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What should we do if our business is impacted by coronavirus?
Washington state Legislature approves $25 million in relief funds to businesses impacted by coronavirus
On Thursday night, the Legislature passed House Bill 2965, regarding coronavirus response. Included in the bill was an amendment the Washington Hospitality Association and the Seattle Metropolitan Chamber of Commerce requested to assist businesses who need to layoff employees because of economic impact related to the epidemic.
Emergency rules adopted by the Employment Security Department made significant modifications to their “Standby” program – an option available to employees and employers when a layoff is necessary, and the employer expects to re-hire. Employees are not required to search for work while on standby status. The department’s rules extended the program to part-time employees. Under this current program, employers who use the standby program are assessed an experience rating charge and could see a substantial rate increase for layoffs due to coronavirus.
The Washington Hospitality Association and the Seattle Metro Chamber requested the legislature appropriate funds to make sure businesses would not be penalized when using this program during the outbreak – the $25 million is directed to the Employment Security Department to payoff the experience rate charges. This will be significant relief for businesses impacted by the epidemic.
The Employment Security Department said it is ready to help you weather the effects of the coronavirus through:
- Unemployment Insurance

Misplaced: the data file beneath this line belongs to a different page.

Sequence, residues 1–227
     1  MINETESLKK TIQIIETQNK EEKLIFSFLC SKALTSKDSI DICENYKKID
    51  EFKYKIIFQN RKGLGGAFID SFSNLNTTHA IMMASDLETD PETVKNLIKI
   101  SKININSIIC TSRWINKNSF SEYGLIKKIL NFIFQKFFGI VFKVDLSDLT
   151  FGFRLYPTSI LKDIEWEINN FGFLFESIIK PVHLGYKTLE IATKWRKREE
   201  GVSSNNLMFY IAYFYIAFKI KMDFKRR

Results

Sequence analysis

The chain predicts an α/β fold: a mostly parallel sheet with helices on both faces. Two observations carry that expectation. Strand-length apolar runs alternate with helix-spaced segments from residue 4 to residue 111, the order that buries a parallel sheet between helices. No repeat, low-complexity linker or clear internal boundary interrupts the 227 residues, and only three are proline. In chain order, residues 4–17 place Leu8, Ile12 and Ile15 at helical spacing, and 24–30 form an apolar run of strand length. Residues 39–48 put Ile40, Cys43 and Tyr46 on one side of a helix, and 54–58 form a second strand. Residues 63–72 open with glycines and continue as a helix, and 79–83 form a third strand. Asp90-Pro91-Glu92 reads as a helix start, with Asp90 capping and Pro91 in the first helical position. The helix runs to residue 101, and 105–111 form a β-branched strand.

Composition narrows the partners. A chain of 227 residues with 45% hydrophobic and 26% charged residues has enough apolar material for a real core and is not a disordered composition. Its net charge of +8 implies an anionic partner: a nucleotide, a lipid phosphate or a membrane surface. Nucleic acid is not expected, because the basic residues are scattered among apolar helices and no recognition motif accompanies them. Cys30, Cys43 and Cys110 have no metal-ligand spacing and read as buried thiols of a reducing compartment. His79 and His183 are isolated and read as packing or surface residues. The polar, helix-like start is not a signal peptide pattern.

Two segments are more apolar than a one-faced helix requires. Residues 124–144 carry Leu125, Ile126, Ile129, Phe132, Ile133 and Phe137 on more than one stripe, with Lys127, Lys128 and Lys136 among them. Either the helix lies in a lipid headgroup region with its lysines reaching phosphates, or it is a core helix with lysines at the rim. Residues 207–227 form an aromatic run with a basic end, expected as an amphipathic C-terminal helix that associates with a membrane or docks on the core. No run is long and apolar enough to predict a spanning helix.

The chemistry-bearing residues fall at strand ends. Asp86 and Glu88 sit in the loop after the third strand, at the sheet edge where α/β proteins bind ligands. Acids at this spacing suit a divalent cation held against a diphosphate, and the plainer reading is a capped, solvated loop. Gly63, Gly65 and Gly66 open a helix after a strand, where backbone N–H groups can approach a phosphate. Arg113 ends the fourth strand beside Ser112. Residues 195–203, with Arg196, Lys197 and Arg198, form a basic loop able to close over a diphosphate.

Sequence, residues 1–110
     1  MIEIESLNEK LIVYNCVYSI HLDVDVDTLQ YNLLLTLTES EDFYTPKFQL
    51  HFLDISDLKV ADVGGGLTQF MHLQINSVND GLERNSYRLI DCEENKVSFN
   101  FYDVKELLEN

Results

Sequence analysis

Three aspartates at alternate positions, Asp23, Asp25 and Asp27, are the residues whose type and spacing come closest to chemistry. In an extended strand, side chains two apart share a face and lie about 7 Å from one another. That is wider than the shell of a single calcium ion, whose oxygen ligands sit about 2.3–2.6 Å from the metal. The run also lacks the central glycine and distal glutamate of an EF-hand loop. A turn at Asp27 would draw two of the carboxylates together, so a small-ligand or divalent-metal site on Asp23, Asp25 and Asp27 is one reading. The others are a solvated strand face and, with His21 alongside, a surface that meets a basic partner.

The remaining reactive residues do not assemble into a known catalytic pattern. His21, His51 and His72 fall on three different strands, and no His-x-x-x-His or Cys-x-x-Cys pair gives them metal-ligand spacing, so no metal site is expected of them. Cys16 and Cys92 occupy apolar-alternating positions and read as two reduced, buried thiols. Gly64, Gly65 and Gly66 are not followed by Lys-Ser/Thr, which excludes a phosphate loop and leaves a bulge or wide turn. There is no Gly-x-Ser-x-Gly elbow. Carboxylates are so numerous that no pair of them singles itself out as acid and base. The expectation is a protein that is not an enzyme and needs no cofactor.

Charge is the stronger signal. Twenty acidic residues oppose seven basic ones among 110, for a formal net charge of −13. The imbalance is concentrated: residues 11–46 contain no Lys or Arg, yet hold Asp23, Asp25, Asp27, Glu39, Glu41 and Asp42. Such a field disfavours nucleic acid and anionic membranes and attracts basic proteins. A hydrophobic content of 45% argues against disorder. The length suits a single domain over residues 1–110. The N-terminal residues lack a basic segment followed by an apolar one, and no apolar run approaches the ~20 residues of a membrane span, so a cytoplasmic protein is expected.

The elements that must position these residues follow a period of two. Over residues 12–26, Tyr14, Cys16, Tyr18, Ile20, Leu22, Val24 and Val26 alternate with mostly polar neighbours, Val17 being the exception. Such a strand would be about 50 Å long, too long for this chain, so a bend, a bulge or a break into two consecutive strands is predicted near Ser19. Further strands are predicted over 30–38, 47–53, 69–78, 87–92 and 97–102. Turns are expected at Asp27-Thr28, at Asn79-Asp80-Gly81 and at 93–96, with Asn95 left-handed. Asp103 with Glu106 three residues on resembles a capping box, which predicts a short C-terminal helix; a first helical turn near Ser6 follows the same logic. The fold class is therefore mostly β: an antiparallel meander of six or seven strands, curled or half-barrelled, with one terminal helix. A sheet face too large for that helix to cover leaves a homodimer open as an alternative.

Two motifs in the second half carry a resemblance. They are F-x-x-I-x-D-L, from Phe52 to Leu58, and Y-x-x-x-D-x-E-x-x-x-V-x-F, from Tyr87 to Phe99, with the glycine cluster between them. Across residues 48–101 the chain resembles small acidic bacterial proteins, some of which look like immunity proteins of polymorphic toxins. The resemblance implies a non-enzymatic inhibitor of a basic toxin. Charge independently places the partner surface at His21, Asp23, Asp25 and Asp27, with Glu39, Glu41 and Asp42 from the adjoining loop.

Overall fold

- Paid Family & Medical Leave
- Standby status
Employers need to initiate this benefit through the department. The Employment Security Department will provide wage replacement to employees. Click the links below to learn more.
- SharedWork and other resources from the Employment Security Department.
- The Governor’s Office has compiled resources to support economic retention and recovery related to COVID-19 coronavirus.
On March 9, 2020, the Employment Security Department announced emergency rules.
The department continues to stress that the very first line of defense is employee’s paid sick and safe leave, followed by any paid time off and the last option is unemployment insurance – because unemployment insurance benefits are a partial wage replacement.
The department laid out its plan for increased benefit flexibility and decreased penalties, with an emphasis on temporary layoffs, isolation and quarantine. Specifically the department will:
- Allow businesses that are temporarily shut down to be treated as a catastrophic event, which is normally reserved for businesses in a natural disaster. Employers can receive relief from any benefit charges by placing employees on standby, meaning they intend to rehire after the COVID-19 epidemic is over. Employees can receive wage replacement and are not subject to requirements to search for new employment.
- Make unemployment benefits available for employees who need to be quarantined.
- Extend unemployment insurance benefit periods and deadlines for employees already out of work if unable to find work because of COVID-19.
- Waive financial penalties for employers who are unable to make payments or are late reporting due to COVID-19.